Twitter Update Might Actually Get You to Use Twitter.com

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Turns out Twitter is a website after all.

Since shortly after its launch, Twitter had seemed more like a web service. Many users, though certainly not all of them, rarely or never went to Twitter.com, using the service through third-party applications like Tweetdeck and Thwirl on their phones and computers.

But over the last year, the company has been trying to stuff the cats (i.e. users) back into its bag. First, they launched new retweet functionality that worked best on the website. Now, they've revamped Twitter.com in the largest update to the user-facing side of the site in years. In general, the changes help improve the experience, but as Peter Kafka (and others) immediately realized, the revision is likely to change Twitter's business as much as its usage.

Twitter wants to keep you on Twitter.com and the redesign seems shaped around that goal.

For you, the big change is that you can view video and pictures right on the site now. Click on the arrow to the right of a Tweet and the photo or video shows up. The same arrow allows you to find out more about the Tweeter, other people mentioned, and hashtags used. It's an elegant solution to the problem of keeping the site's feel familiar while providing new functionality.

But perhaps the most noticeable thing about the new redesign -- as pointed out by the Times' Jenna Wortham -- is all the blank space in the right toolbar. That looks to me like a great spot for some ads.


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Alexis C. Madrigal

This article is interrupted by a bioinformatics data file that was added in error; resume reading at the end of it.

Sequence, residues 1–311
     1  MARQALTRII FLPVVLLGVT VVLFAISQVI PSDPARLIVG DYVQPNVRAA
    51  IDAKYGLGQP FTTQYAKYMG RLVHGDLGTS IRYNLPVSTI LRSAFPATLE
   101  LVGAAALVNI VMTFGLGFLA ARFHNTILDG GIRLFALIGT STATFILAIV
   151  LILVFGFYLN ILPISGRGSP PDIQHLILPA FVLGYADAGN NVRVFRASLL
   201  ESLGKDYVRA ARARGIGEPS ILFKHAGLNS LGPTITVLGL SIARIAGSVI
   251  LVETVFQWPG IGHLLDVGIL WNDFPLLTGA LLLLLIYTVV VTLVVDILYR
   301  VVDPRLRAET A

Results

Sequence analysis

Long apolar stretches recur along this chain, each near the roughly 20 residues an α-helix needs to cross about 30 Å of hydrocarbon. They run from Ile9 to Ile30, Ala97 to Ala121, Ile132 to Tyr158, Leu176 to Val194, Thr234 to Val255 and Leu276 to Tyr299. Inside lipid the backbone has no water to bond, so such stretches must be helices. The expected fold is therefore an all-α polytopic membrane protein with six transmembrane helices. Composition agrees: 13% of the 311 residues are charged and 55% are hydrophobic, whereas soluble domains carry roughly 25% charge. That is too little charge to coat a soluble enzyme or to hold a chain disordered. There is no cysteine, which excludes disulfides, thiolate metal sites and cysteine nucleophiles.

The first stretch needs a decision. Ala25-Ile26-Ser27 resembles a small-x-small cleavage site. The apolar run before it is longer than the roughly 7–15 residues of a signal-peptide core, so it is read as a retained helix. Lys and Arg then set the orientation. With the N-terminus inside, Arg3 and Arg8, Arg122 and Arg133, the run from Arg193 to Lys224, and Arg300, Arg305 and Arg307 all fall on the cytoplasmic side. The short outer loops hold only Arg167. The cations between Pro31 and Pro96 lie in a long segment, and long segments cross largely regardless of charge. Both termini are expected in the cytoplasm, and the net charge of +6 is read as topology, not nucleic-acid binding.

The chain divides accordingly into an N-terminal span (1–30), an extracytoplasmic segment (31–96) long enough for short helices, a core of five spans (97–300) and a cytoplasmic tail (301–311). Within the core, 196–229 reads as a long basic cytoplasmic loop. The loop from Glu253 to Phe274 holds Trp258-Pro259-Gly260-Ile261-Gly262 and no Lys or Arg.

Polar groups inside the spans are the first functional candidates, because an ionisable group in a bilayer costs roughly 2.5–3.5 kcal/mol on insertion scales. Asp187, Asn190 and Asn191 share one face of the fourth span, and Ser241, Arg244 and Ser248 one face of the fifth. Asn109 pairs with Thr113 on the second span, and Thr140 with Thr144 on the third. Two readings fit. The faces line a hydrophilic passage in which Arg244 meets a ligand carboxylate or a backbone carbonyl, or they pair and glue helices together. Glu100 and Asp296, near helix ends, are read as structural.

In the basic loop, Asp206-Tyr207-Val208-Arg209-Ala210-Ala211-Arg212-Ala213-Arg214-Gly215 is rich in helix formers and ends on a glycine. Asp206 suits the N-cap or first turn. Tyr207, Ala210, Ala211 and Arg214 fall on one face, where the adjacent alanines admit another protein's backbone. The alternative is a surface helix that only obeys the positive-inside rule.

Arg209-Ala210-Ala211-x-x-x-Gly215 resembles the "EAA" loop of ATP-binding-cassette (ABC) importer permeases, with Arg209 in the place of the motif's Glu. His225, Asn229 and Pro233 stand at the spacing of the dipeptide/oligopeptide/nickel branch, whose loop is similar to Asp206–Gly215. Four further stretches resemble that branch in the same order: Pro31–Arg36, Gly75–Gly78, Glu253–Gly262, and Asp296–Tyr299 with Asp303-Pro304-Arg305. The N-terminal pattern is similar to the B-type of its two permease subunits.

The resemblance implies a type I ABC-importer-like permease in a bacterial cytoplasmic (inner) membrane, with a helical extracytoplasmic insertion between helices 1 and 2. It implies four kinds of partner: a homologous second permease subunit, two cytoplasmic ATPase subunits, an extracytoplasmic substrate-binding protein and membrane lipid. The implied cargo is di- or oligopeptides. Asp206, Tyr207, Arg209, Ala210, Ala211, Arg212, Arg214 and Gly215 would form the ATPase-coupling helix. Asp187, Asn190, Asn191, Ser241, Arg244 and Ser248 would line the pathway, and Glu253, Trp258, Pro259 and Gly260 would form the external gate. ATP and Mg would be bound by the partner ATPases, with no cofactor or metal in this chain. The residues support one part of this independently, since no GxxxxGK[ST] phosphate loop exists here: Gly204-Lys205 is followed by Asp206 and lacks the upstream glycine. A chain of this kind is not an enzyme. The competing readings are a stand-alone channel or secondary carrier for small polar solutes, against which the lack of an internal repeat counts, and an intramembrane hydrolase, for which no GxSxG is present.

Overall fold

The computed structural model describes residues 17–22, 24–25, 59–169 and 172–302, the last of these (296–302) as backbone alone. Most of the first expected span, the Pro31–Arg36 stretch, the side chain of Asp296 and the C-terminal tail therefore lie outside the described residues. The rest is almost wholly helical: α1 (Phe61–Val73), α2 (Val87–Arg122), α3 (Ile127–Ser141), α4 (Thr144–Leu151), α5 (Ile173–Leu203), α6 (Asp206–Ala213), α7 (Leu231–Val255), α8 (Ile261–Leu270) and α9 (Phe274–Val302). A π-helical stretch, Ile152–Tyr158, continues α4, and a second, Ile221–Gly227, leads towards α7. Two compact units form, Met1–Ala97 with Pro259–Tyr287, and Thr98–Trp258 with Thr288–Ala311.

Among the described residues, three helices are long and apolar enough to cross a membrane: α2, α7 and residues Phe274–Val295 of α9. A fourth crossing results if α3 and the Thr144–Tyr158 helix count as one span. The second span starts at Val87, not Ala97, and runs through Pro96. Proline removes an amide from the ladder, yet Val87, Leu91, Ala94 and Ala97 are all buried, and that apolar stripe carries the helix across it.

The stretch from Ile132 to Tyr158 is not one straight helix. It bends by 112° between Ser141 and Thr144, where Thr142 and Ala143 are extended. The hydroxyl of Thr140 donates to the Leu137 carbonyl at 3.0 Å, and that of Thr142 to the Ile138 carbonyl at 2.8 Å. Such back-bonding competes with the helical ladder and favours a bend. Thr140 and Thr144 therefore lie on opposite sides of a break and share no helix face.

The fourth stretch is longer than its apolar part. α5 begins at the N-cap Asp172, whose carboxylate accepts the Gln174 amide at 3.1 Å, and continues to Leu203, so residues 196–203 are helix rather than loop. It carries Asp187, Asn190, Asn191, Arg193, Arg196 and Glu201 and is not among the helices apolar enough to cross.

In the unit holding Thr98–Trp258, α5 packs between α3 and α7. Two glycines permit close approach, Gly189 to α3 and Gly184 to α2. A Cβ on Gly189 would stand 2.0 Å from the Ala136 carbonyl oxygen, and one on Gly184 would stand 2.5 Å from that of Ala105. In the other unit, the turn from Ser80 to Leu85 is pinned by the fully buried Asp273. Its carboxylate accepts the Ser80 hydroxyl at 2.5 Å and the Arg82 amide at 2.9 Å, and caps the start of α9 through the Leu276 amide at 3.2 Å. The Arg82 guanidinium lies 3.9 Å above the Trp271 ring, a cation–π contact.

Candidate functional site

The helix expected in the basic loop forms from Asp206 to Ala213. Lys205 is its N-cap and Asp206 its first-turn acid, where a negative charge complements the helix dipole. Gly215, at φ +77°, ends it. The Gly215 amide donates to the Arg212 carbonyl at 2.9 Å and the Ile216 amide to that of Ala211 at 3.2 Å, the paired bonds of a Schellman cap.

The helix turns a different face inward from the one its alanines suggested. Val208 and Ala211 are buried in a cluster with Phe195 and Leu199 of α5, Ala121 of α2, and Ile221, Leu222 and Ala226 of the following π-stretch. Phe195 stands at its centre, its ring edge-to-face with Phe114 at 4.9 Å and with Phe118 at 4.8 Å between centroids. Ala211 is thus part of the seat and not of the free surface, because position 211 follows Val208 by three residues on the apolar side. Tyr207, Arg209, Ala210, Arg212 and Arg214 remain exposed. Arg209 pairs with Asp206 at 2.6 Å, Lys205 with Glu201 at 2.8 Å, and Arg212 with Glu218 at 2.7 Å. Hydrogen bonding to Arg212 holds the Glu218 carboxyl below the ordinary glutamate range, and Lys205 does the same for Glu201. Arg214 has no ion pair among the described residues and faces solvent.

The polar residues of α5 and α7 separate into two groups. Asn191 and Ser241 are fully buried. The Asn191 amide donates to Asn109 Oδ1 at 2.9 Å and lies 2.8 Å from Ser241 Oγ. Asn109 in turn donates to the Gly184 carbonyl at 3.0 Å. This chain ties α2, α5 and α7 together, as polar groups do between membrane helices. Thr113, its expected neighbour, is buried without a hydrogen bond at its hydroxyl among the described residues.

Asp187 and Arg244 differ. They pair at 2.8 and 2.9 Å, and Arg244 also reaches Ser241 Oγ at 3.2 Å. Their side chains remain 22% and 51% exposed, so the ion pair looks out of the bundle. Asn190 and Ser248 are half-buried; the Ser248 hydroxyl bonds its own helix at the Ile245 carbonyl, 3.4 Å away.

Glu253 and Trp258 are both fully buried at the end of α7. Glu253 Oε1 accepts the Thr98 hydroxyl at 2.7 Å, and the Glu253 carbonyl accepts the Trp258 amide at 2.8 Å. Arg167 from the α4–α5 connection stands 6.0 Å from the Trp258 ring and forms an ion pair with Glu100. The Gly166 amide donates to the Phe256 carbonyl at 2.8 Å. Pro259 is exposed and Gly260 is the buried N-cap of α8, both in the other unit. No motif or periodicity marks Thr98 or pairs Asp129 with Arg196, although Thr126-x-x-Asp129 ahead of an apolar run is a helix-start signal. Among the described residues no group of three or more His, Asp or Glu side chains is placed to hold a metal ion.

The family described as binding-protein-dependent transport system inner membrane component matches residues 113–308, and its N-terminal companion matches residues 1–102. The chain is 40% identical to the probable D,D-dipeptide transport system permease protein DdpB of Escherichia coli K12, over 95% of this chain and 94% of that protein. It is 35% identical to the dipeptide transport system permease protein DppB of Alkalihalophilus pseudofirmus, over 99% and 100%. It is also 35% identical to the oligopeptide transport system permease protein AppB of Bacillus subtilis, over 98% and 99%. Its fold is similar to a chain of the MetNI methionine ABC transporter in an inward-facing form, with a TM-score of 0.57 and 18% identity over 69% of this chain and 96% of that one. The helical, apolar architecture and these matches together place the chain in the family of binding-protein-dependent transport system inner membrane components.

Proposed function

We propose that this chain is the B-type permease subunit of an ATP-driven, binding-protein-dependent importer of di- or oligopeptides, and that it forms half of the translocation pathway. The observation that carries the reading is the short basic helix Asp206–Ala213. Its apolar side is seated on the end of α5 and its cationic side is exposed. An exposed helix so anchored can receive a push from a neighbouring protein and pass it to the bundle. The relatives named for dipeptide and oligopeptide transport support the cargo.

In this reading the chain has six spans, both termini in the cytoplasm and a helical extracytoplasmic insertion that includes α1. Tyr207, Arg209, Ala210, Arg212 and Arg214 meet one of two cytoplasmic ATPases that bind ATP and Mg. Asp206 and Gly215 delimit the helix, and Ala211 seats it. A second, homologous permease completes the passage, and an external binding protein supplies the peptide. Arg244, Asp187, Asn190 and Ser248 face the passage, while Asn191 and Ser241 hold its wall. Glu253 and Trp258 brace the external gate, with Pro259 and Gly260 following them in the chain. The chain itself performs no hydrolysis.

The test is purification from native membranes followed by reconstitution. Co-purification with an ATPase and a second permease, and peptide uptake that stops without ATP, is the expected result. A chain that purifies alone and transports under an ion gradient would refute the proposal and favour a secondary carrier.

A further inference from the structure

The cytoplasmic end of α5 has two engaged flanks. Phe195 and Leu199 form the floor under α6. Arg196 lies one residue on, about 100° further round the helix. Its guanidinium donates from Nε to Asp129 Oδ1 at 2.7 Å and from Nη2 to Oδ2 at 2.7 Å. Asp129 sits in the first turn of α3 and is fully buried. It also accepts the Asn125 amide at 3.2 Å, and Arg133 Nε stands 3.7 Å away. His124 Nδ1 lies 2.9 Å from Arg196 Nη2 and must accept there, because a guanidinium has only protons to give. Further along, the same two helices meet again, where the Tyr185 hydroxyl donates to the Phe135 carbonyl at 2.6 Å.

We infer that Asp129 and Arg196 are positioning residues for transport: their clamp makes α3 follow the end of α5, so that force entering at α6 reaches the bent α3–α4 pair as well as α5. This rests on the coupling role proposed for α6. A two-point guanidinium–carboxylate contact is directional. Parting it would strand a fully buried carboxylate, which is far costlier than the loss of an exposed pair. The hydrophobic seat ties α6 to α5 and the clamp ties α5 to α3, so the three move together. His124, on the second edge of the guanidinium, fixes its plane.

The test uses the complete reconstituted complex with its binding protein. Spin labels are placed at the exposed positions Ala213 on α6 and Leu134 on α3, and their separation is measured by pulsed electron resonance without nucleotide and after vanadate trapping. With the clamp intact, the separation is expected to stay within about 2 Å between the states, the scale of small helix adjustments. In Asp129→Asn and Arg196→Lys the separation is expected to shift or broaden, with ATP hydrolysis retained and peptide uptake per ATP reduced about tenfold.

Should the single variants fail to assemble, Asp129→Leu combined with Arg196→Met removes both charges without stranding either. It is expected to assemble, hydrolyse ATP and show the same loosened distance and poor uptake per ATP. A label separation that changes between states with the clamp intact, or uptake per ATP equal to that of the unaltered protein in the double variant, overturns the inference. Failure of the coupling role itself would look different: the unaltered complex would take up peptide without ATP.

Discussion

Alexis Madrigal is the deputy editor of TheAtlantic.com. He's the author of Powering the Dream: The History and Promise of Green Technology. More

The New York Observer has called Madrigal "for all intents and purposes, the perfect modern reporter." He co-founded Longshot magazine, a high-speed media experiment that garnered attention from The New York Times, The Wall Street Journal, and the BBC. While at Wired.com, he built Wired Science into one of the most popular blogs in the world. The site was nominated for best magazine blog by the MPA and best science website in the 2009 Webby Awards. He also co-founded Haiti ReWired, a groundbreaking community dedicated to the discussion of technology, infrastructure, and the future of Haiti.

He's spoken at Stanford, CalTech, Berkeley, SXSW, E3, and the National Renewable Energy Laboratory, and his writing was anthologized in Best Technology Writing 2010 (Yale University Press).

Madrigal is a visiting scholar at the University of California at Berkeley's Office for the History of Science and Technology. Born in Mexico City, he grew up in the exurbs north of Portland, Oregon, and now lives in Oakland.

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